Too cool for school

February 1, 2013 § 42 Comments

Stereotypes are an interesting subject because they represent a significant cultural dividing line in our society.  They are considered a transcendent evil by most kinds of liberals, and it is perfectly understandable why this would be the case given the liberal or modernist understanding of reality.  It isn’t just that stereotypes imply inherent inequalities among groups of people, although they certainly do that.  And it isn’t just that a stereotype frequently tends to be unfair when it is ‘particularized’ into expectations about and interpretations of individual persons, though that is also true.

Stereotypes are considered a transcendent evil to the modern mind because the modern mind knows only atoms and the void: because if an individual falls into a category, a stereotype legitimately bears truth about that category, and philosophical naturalism is a given, then we might as well all be Nazis.

But none of that represents a reasonable view of stereotypes.  As I’ve written before, while stereotypes are generally valuable truth-bearing high-level insights into what to expect out of groups qua groups, they tend to break down and certainly become less useful as we get to the HD pixel resolution of particular individuals.  The microscope gives a different view than the binoculars, but it doesn’t follow that the one falsifies the other.

One of the reasons stereotypes are of limited value on the Internet specifically when it comes down to personal interactions between individuals is because of all the inside baseball.  I am sure non-Catholics encounter this all the time, for example, when they run into Catholics on the net.  A non-Catholic often has a particular view of Catholics as such and very little visibility into the multifarious intramural disputes which inevitably arise in any group of ten people, let alone a billion or so.  A very wise man of my acquaintance told a new convert to just deliberately ignore all of that and concentrate on the basics: Mass, Scripture, the Sacraments, prayer, fasting, and works of mercy.  Very wise advice.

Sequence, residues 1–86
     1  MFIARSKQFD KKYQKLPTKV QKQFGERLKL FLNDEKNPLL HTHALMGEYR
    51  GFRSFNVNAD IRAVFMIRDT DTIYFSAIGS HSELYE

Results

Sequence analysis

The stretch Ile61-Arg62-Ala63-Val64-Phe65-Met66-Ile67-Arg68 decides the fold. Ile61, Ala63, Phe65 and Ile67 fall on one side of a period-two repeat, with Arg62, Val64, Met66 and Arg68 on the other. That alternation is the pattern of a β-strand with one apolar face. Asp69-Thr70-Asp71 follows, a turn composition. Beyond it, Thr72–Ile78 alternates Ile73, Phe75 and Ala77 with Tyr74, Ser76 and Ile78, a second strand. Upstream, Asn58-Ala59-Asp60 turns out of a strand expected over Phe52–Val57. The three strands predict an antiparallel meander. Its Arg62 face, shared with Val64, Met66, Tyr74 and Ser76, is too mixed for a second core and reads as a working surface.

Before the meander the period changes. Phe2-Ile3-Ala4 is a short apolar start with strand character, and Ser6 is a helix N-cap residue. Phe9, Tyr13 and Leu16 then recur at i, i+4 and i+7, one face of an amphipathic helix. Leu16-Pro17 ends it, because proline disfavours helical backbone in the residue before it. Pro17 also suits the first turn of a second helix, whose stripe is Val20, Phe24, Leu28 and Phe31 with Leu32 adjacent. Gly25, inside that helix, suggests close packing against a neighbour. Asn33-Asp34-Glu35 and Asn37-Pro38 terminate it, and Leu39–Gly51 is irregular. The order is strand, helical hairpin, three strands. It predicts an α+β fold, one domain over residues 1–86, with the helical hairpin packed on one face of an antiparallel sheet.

But those individual divisions begin to matter at certain resolutions.  A stereotype of my own has been my rather uniform perception of people who refuse to send their children to public schools for moral and religious reasons.  It hadn’t occurred to me until recently that there might be, for example, homeschoolers who stereotype private Catholic or Christian schools as an enemy, an Other, rather than as another at-least-sometimes countercultural Christian option for at least some people: something to be encouraged, not envied or disdained.

When I went to Parochial school in the 1970’s the banners were felt and the big controversy surrounding our Confirmation Mass was whether we were going to sing the (naughty) “Stairway to Heaven” or the (nice) “Bridge Over Troubled Water”.  We ended up singing the nice hippy song not the naughty rocker ballad, because the latter was a ‘drug song’ and the former wasn’t.  (Sail on, Silver Girl).  But in Health class we were taught unflinchingly by the very same teacher that masturbation, fornication, adultery, and abortion were moral wrongs; this contrasted starkly to Health class in public school a few years later.  Possibly of note is that our family got financial assistance to go there: if the school had taken on some other burden of charity instead of us we would not have been able to attend.

So I don’t understand if and why homeschoolers should be the enemy of private schoolers, and I’m pretty sure that homeschoolers reserve to themselves pretty broad rights as to who they invite into their homes to tutor their children and upon what moral standards they condition the invitation.   I don’t actually know if this is a significant divide.   But the possibility of a significant divide here has been raised.